Please expound - I'm dying to know why. :roll: (Yes, I'm being sarcastic. There's an awful lot of misinformation based on perpetuated myths on this site)

You just made a VERY general statement. I don't want to hear that because one caliber (i.e.: ETA 2824) has an issue with manual winding that ALL automatics shouldn't be wound manually.
 

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If it's a watch you regularly use for diving (or you just want to keep out dirt by keeping seals undamaged), the less you unscrew the crown the better it is for the seals. If you wind it every day, you're putting wear and tear on seals every day. Automatic movements dramatically reduce the need to mess with the crown, especially if you wear it all the time.
 

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Please expound - I'm dying to know why. :roll: (Yes, I'm being sarcastic. There's an awful lot of misinformation based on perpetuated myths on this site)

You just made a VERY general statement. I don't want to hear that because one caliber (i.e.: ETA 2824) has an issue with manual winding that ALL automatics shouldn't be wound manually.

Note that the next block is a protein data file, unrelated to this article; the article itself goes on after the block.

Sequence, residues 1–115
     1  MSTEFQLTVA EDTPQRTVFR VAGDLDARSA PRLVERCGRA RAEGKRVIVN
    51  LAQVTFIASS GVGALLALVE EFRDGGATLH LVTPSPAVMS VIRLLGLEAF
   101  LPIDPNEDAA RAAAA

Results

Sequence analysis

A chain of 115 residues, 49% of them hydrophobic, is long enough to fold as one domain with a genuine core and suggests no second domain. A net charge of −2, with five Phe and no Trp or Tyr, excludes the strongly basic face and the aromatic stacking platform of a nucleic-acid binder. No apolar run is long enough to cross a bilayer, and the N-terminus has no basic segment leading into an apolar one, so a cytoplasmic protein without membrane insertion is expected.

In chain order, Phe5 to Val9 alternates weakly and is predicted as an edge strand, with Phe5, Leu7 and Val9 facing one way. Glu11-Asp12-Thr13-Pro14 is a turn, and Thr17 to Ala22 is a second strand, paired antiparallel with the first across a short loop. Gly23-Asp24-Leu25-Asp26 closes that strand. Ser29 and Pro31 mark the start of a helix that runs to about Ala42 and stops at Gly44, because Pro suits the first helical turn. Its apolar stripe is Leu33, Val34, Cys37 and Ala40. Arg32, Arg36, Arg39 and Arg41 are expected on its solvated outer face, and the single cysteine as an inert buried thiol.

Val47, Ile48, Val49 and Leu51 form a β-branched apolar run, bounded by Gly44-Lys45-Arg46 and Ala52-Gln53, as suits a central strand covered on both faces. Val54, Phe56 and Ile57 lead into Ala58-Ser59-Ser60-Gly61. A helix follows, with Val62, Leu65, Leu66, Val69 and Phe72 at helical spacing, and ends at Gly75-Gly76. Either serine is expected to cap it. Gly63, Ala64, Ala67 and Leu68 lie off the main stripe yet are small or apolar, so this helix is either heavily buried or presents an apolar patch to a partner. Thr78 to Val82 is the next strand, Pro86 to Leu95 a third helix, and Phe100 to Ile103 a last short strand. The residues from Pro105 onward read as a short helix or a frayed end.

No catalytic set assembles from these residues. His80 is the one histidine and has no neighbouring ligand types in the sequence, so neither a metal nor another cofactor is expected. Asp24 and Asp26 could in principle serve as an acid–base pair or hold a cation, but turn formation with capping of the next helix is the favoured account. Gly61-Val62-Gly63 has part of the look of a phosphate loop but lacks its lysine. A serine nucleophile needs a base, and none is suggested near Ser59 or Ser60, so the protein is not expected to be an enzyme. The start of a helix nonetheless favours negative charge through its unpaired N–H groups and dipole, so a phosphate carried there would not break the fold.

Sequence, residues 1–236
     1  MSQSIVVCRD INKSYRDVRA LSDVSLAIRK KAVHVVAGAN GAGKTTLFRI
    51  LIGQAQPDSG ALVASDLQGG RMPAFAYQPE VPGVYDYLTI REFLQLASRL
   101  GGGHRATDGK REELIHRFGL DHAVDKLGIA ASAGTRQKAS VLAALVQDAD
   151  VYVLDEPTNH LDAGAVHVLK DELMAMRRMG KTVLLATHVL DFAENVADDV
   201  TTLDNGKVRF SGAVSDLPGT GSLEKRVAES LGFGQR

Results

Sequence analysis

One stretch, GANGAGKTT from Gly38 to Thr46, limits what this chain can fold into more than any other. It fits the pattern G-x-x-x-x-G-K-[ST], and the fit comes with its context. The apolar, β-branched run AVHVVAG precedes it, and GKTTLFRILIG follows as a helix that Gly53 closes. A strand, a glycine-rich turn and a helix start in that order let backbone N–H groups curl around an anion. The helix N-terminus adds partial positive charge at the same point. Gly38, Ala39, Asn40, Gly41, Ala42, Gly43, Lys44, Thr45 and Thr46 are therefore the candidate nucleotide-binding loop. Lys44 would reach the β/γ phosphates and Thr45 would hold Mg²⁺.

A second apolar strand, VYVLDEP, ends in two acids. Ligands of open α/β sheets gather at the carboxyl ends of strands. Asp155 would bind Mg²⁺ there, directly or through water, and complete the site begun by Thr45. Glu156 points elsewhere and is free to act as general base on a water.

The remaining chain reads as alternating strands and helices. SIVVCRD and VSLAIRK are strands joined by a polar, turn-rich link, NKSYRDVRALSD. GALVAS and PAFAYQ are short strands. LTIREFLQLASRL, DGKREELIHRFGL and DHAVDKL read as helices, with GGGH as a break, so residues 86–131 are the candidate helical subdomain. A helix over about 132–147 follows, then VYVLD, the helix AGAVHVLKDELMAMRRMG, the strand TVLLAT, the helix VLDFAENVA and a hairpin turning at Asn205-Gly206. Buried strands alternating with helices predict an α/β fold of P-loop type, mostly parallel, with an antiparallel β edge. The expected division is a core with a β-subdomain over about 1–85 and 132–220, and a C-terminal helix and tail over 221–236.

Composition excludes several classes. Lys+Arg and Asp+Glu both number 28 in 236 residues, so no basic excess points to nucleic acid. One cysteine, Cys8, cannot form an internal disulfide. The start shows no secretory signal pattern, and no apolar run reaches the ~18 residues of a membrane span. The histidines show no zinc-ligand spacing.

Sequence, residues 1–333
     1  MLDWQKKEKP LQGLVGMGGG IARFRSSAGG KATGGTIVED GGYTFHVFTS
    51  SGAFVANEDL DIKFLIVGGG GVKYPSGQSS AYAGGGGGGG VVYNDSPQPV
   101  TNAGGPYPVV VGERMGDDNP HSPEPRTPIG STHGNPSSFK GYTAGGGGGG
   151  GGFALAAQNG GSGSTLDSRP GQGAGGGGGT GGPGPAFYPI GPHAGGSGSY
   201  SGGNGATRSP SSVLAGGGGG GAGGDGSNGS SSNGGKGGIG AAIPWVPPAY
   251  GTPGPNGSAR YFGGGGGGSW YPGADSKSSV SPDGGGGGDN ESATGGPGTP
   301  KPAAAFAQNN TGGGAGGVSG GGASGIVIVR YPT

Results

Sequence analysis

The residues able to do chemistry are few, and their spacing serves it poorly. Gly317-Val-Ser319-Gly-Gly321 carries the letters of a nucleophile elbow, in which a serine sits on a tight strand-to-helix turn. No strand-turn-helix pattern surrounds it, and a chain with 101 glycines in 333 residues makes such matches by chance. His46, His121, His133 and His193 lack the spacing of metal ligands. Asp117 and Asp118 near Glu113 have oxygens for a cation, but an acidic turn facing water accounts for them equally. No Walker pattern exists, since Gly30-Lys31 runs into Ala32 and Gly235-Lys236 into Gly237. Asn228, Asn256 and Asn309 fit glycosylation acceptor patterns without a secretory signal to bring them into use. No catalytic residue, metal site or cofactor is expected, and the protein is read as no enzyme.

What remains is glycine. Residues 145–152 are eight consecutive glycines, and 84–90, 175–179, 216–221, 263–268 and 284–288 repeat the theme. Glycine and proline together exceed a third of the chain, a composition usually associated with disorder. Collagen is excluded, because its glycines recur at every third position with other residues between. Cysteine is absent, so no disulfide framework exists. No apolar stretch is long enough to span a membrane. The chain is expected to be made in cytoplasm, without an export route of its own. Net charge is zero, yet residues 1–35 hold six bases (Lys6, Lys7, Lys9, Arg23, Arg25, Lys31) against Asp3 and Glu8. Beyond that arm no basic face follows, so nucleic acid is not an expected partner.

Join DateJul 2007LocationWakefield, West YorkshirePosts9,458
It depends on the movement.

Omega 550/560s don`t really like being hand-wound, it increases wear and tear on the winding mechanism. ETA 2824 and 2836 movements seem to wear prematurely if hand-wound.....I`ve got an absolute howler on my bench at the moment that's worn itself out through excessive hand-winding over many years; I`ve had to replace the mainplate plus several other parts. Handwinding plus lack of lubrication is a recipe for problems.

If the watch has stopped I would suggest around 10 winds to get it running properly.

Some of the older hand-wound movements seem bombproof. The parts are bigger and therefore designed to take more wear and tear.
Downloaded from TZ, UK....Many examples if you do research. How many do you feel you need?

AUTOMATIC WATCHES The energy produced by the movements of the wearer's wrist is transmitted to the barrel spring through the action of the oscillating mass. This process replaces the manual winding process involving the turning of the crown which is a required feature of manual watches. This energy is then gradually redistributed around the watch movement right through to the hands.